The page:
Profile: Jeremy Gilley

The man marketing world peace

Despite the big number affiliate marketing still has lots of convincing to do

A rather infamous interview with ASOS co-founder Nick Robertson dating back to 2007, referred to some of its early affiliate partners as “grubby little people… growing their income at our expense” that demanded “silly commissions”.

Ronan Shields

This perfectly sums up the historic battle for mindshare faced by the affiliate or online performance (OPM) marketing sector.

To further its rehabilitation in the eyes of brand-side marketers (its initial attempt to rebrand ‘affiliate’ as OPM) was this week’s debut IAB study to assess its contribution to the wider UK digital economy.

In its study, it found that OPM generated £8bn in sales in 2012 - on the back of £814m being spent in the sector - constituting nearly 5-6 per cent of all UK e-commerce retail sales.

Massive numbers, I’m sure you’d agree, especially when you think that OPM essentially doesn’t charge brands up front for a sale or a sales lead. In the face of such ‘overwhelming’ evidence, it begs the question: ‘Why aren’t brands investing more on OPM?’

Affiliate marketing veteran and current senior online marketing manager at Sky, Helen Southgate told me despite evidence pointing to handsome returns of using OPM, a lack of education in the industry still reigned.

Although education was improving among mainstream marketers, the fact affiliate networks involve a very complex structure often intimidates the uninitiated rendering them unwilling to spend more on such modes of customer acquisition.

Hence, this lack of education is stifling investment in the discipline from those who make the decisions and ultimately have to defend how their media budgets are spent.

To address this situation, we can expect the parties involved in producing this study to launch a major charm offensive this year but what’s clear is that they’ll have to address the allegations of ‘stealing traffic’ and skimming links’ if they are to get more than just a foot in the door.

Readers' comments (14)

  • Wow, that quote is still being dredged up is it? I would recommend speaking to advertisers such as Sky about the amount of their digital spend they invest in affiliate and the quality of customers they generate. In many instances the channel can comfortably account for 20-30% of online spend and engage with the most valuable consumers. I would recommend a crash course in understanding affiliate marketing in 2013 rather than harking back to an off the comment that has no relevance in the modern affiliate market. 'Skimming links'? Really?? Oh, and by the way, ASOS run an affiliate campaign - clearly they don't hate it that much anymore.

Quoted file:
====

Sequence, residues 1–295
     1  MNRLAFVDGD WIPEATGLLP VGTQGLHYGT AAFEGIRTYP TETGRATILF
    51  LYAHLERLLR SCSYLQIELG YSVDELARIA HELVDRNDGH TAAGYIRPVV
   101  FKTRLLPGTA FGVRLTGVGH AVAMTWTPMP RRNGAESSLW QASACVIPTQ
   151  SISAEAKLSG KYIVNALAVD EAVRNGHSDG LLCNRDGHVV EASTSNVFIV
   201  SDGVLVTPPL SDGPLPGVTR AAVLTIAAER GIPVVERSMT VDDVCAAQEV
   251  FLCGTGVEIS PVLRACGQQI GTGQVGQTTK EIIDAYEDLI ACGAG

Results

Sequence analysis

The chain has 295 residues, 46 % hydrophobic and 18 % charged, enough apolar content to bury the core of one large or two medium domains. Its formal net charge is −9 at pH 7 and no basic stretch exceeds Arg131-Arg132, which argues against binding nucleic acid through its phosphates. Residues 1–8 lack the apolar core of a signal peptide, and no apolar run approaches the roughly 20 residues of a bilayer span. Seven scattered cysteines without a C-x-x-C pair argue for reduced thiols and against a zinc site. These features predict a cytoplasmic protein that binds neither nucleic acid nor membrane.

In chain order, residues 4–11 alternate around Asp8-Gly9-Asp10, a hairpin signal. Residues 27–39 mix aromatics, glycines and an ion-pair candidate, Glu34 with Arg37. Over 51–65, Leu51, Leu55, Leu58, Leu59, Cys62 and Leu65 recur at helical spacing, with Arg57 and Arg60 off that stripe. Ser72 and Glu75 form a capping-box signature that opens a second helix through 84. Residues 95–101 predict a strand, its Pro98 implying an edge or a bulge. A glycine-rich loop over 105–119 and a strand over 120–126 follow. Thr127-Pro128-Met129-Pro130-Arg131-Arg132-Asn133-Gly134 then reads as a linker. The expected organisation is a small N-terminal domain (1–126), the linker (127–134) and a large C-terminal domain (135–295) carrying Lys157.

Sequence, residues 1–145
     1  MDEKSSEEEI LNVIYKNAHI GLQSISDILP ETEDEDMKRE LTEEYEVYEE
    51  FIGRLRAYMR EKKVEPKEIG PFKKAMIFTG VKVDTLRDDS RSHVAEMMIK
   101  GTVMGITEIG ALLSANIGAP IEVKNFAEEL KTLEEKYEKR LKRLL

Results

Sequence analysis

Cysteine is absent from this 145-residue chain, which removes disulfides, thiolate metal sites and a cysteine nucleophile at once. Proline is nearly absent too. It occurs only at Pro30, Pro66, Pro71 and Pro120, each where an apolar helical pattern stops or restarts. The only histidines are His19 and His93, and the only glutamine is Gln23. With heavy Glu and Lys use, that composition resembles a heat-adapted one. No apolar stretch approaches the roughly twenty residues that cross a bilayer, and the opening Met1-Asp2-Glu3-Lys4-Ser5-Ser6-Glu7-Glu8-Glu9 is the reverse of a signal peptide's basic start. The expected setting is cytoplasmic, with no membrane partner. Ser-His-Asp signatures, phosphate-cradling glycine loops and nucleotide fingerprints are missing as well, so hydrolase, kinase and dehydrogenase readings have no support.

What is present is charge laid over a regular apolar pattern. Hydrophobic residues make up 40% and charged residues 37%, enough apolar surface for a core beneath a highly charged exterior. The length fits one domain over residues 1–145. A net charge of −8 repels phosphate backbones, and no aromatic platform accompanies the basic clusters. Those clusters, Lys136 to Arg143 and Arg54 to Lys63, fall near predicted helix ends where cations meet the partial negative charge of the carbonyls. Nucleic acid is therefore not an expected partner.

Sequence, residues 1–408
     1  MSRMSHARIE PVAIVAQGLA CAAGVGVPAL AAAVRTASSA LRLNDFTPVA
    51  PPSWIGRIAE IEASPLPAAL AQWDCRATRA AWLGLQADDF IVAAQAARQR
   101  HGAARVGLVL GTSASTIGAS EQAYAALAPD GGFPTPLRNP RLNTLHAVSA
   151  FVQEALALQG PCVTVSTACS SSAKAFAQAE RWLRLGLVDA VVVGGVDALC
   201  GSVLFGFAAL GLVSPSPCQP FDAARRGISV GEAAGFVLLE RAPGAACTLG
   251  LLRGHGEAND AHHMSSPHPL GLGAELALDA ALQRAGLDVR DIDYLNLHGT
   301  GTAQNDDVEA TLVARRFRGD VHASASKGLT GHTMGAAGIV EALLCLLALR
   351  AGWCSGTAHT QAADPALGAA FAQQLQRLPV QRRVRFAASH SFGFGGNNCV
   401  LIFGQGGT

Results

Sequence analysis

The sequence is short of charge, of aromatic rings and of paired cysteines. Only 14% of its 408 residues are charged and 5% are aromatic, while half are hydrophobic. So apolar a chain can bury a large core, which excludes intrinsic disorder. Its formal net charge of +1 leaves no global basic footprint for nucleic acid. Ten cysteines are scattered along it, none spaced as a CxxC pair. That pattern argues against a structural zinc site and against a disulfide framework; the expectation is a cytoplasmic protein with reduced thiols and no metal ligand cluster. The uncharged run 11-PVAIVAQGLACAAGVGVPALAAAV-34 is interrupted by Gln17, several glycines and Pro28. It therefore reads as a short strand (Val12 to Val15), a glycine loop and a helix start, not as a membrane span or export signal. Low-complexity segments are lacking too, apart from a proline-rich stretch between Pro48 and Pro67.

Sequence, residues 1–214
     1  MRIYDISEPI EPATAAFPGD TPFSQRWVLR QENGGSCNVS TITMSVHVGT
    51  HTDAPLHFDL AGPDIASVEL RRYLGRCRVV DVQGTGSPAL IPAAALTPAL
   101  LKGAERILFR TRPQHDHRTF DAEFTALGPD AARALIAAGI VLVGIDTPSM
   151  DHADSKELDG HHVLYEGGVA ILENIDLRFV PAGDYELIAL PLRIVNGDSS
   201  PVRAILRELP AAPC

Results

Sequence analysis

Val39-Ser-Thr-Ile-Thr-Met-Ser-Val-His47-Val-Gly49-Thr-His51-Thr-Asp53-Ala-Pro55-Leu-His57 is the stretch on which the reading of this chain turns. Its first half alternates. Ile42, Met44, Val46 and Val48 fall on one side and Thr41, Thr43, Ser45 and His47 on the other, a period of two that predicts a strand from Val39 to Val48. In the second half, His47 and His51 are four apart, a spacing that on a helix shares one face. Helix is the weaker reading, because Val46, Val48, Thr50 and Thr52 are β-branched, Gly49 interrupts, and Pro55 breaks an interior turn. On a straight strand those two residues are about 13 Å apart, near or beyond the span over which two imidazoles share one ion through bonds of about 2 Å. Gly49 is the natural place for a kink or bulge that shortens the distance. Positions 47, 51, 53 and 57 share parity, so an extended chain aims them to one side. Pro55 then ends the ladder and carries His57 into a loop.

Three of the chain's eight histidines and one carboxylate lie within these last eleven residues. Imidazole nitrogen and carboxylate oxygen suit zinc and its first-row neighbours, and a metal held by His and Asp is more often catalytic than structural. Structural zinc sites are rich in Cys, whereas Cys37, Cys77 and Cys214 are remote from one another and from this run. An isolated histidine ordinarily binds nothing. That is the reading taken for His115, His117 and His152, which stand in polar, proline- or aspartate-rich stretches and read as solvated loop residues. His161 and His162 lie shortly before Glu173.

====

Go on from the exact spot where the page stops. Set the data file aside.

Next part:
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  • "the fact affiliate networks involve a very complex structure"

    What do you mean? What fact? Affiliate networks are very straightforward. A group of marketers who work on a commission only basis. If you have a product they'll promote it for free! Simple

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  • Have to completely disagree with the underlying message of this post.

    "they'll have to address the allegations of ‘stealing traffic’ and skimming links’ if they are to get more than just a foot in the door."

    Perhaps you might want to consider speaking to the likes of Sky, Marks & Spencer, BT, British Airways, Vodafone, Tesco and many other leading brands in the UK about incremental sales, increased lifetime value, and additional brand awareness that they've gained from utilising OPM.

    Whilst education within a specialist industry is naturally something that's needed, a huge growth in advertiser spend along with c. £9bn sales, shows those involved must be doing something right thus far.

    The fact that one sweeping statement in 2007 has managed to rear it's head yet again from a then CEO of ASOS (who re-launched their affiliate programme in 2009 by the way) just shows how much of a struggle it is to find a simliar tone of negativity on the market at current day.

    Some people like to live in the past, I guess.